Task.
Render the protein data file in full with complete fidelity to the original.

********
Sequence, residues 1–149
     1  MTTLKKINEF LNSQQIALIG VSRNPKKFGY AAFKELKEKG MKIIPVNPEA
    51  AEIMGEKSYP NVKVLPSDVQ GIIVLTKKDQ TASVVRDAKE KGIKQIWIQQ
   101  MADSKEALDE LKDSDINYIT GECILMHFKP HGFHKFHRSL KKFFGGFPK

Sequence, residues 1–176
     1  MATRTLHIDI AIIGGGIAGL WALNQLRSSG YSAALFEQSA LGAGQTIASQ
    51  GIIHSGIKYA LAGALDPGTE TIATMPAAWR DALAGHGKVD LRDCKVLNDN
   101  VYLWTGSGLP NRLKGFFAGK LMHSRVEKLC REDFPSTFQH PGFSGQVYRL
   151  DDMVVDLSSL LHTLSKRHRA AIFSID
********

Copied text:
Sequence, residues 1–149
     1  MTTLKKINEF LNSQQIALIG VSRNPKKFGY AAFKELKEKG MKIIPVNPEA
    51  AEIMGEKSYP NVKVLPSDVQ GIIVLTKKDQ TASVVRDAKE KGIKQIWIQQ
   101  MADSKEALDE LKDSDINYIT GECILMHFKP HGFHKFHRSL KKFFGGFPK

Sequence, residues 1–176
     1  MATRTLHIDI AIIGGGIAGL WALNQLRSSG YSAALFEQSA LGAGQTIASQ
    51  GIIHSGIKYA LAGALDPGTE TIATMPAAWR DALAGHGKVD LRDCKVLNDN
   101  VYLWTGSGLP NRLKGFFAGK LMHSRVEKLC REDFPSTFQH PGFSGQVYRL
   151  DDMVVDLSSL LHTLSKRHRA AIFSID